New Zealand women often experience a narrow focus on weight or body size as a barrier
to health. This dominant Western “weight-centred” discourse conflates health with weight and
disempowers women from gaining control and autonomy over their health. This thesis aimed to
design, implement and evaluate Next Level Health (NLH); a strengths-based programme founded
on values of empowerment and holistic health. NLH aims to empower women over their health
through incremental behaviour change within the context of their daily lives across six domains:
physical activity, sleep, nutrition, eating behaviour, self-care and stress management.
Fifty-eight women, aged 18-40 years completed NLH. A mixed-methods convergent
design guided the evaluation of women’s outcomes and programme implementation. Data were
collected via a series of surveys and physical measures. The outcomes assessed were women’s
health-promoting behaviours (HPBs), physical, mental and social health and participant perceived
outcomes. Process evaluation comprised the programme’s reach, fidelity and participant
satisfaction. The findings were then analysed and integrated to determine women’s empowerment
over their health.
Collectively, the outcomes women experienced after NLH contributed to their
empowerment by increasing their capacity for HPBs, adopting and experiencing a holistic health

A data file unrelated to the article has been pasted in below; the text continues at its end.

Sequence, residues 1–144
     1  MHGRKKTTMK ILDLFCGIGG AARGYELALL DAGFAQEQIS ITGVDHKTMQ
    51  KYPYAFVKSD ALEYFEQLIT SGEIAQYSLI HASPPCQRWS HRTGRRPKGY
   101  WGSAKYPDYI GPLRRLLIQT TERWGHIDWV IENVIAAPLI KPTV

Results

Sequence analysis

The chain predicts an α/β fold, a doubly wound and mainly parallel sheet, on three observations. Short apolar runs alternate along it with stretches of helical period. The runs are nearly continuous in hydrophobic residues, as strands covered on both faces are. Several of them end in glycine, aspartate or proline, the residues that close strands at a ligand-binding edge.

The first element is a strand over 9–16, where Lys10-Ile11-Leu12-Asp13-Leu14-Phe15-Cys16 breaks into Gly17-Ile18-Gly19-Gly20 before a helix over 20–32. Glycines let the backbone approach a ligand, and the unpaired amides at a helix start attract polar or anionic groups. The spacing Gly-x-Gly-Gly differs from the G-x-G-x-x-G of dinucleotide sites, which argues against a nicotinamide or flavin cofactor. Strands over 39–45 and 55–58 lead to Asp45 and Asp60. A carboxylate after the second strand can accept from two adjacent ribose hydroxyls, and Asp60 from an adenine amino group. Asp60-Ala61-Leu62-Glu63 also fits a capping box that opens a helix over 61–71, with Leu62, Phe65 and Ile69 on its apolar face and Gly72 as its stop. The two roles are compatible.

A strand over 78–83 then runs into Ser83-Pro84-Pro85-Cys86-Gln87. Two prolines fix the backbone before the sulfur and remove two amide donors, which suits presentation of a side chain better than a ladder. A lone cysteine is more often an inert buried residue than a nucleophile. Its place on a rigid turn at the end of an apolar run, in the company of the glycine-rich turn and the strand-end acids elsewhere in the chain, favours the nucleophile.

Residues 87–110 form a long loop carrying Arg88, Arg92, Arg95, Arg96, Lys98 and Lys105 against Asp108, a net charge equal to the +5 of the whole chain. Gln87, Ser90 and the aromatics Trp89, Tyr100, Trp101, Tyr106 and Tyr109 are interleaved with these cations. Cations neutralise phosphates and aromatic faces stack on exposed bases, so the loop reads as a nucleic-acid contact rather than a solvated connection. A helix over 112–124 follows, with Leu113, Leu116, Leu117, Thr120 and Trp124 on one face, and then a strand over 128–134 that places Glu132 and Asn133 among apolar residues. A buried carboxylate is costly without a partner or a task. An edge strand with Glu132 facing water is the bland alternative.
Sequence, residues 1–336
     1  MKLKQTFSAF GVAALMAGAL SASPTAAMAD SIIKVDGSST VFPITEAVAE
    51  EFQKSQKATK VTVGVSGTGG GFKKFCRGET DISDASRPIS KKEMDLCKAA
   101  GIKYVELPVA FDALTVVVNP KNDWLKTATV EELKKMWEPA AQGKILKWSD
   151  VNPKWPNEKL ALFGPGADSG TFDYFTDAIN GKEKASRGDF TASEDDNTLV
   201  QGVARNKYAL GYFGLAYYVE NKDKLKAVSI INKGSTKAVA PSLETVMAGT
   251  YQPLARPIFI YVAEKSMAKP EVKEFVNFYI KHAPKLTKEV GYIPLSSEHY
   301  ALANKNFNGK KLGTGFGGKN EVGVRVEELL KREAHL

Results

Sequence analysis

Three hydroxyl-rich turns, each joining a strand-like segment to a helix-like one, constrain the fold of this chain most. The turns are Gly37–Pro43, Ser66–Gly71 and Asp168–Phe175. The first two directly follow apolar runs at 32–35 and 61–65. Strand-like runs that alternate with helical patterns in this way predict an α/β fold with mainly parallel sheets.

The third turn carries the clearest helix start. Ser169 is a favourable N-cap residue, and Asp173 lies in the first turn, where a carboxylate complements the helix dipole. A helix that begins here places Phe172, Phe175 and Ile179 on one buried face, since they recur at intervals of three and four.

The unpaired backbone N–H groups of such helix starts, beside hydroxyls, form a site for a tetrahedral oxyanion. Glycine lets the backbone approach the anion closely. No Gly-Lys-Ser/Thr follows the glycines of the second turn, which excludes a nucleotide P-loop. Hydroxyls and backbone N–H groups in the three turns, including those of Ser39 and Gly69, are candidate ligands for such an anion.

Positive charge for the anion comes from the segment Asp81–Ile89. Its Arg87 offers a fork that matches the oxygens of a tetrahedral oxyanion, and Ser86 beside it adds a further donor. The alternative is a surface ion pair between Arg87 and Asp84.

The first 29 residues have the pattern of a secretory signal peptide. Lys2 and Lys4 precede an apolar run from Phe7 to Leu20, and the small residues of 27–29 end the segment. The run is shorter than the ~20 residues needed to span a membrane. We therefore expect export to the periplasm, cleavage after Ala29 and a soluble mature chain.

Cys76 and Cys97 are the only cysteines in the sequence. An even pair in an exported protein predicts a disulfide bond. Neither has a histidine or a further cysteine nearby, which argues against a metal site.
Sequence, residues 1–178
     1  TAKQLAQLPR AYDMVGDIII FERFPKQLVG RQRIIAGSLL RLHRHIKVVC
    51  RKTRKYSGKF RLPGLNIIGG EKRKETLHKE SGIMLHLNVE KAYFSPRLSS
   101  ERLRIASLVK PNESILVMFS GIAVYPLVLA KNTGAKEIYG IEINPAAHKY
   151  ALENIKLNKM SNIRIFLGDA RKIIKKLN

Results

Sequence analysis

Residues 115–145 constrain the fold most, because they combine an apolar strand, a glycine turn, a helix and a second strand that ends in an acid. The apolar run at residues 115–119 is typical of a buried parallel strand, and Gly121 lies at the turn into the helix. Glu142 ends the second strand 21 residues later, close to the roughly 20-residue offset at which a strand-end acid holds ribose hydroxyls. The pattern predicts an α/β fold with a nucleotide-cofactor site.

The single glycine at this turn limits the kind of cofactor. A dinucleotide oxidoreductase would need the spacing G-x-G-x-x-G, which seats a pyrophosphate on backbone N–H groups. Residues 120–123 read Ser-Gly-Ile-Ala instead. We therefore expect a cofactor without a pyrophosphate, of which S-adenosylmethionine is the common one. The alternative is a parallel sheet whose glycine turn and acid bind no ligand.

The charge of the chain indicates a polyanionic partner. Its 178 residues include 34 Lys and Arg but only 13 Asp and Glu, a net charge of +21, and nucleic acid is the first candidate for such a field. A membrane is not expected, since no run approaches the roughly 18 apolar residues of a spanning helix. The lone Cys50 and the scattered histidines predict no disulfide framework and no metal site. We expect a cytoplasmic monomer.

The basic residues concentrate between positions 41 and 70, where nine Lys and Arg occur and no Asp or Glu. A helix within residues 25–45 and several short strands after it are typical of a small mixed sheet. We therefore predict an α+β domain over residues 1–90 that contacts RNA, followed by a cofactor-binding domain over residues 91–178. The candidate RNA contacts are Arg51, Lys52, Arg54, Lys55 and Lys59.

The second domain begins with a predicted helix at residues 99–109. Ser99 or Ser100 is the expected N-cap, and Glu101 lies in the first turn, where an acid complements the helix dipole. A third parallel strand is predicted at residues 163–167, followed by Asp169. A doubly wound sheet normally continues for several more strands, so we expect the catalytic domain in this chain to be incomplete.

approach and enhancing their autonomy regarding their HPBs, health development and ability to
generate a sense of success. Additionally, eight factors were identified that were key attributes of
the programme that contributed to women’s empowerment or were vital for evaluating their
success: (1) a small goals approach; (2) dialogue; (3) social support; (4) a multidisciplinary
approach; (5) a strengths-based approach; (6) a weight-neutral approach, (7) assessment across
multiple health dimensions and (8) a mixed-methods design for evaluation.
In sum, the findings suggest that NLH successfully empowered women to gain greater
control over their health. NLH overcomes common shortcomings of dominant health interventions
by using a positive, multidisciplinary and empowering approach to promote women’s health that
was adaptable to individual contexts, and exhibits potential for producing sustainable change. The
current study contributes a novel programme and comprehensive evaluation providing evidence
for a small, yet growing, body of empowerment research to promote women’s health.
Copyright permission has been granted for the use of Figures 1 (p.12), 2 (p.13), & 3 (p.18).